1 The distinction is recognized and affirmed in Wells v. Kingston-upon-Hull, L. R. 10 C P. 402, which was a case concerning a contract for the dockage of a vessel.
§ 23. The confusion which has to a certain extent prevailed between licenses and leases appears to have had its origin in the case of Wood v. Lake, decided a few years after the Statute of Frauds was passed. A verbal license was given to stack coals on part of another's close for seven years, the licensee during that time to have the sole use of that part of the close. After the plaintiff had acted upon the license for three years, the defendant (his grantor) forbade him to stack any more coals there, and shut his gates. The court decided that the agreement amounted to a license only, and not to a lease, and was good for seven years, and the plaintiff had judgment1 The only authority on which this decision proplaintiff claimed was a license of this description and not an interest in land.1 This decision was never followed in England, and has in effect been overruled by subsequent cases, some of which it may be well to notice briefly in this place.
1 Wood v. Lake, Sayer, 3. The following report of this case, from the manuscript of Mr. Justice Burrough, is given in Wood v. Leadbitter, 13 Mees. & W. 838, and it seems well worth while to insert it here.
Case. "A parol agreement that the plaintiff should have liberty of laying and stacking of coals upon defendant's close, for seven years. Afterwards, defendant forbids plaintiff to lay any more coals there, and shuts up his gates. Defendant says, that plaintiff was but tenant at will. Qucere, if this was an interest within the description of the Statute of Frauds.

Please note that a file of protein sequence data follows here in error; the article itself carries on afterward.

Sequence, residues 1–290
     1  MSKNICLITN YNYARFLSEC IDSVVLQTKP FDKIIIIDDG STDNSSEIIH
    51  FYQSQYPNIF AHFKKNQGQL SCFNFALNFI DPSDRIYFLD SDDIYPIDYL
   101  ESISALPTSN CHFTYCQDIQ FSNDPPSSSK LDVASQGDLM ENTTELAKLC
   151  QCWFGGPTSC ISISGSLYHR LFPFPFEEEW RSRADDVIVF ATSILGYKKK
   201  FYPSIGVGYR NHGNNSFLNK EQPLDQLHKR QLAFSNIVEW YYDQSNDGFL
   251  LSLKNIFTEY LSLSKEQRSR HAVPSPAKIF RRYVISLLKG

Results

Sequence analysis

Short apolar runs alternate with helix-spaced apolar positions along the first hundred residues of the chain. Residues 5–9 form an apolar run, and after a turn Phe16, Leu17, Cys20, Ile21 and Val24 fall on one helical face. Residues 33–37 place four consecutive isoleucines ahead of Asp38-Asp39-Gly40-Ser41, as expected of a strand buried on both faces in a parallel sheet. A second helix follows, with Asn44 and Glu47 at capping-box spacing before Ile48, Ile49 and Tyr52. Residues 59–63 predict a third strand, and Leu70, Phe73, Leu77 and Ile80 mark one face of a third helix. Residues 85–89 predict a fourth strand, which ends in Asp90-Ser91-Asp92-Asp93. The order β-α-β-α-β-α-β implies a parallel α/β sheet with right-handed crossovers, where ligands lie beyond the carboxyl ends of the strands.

Serjeant Booth. This is but a personal license or easement. 1 Roll. Abr. 859, p. 4; Roll. Rep. 143, 152; 1 Saund. 321. A contract for sale of timber growing upon the land has been determined to be out of the statute. 1 Ld. Raym. 182. Vide the difference of a license and a lease. 1 Lev. 194. This must be taken only as a license, for that the coal-loaders also are to have benefit as well as plaintiff.
Serjeant Poole, for defendant. Question is, if any interest in land passed by the agreement; for, if interest passed, it is within the statute, ergo void, being for longer term than three years. Bro. License, p. 19; Thome v. Seabright, Salk. 24; Webb v. Paternoster, Poph. 151. A license to enter upon and occupy land amounts to a lease. The plaintiff was not confined to a particular part of the close, and might have covered the whole if he pleased, on that account it is an uncertain interest. The distinction of license to plaintiff and his coal-loader is nothing; he could not stack the coal himself, and it is merely vague. Easement may be of more value than the inheritance; ex. gr. way-leave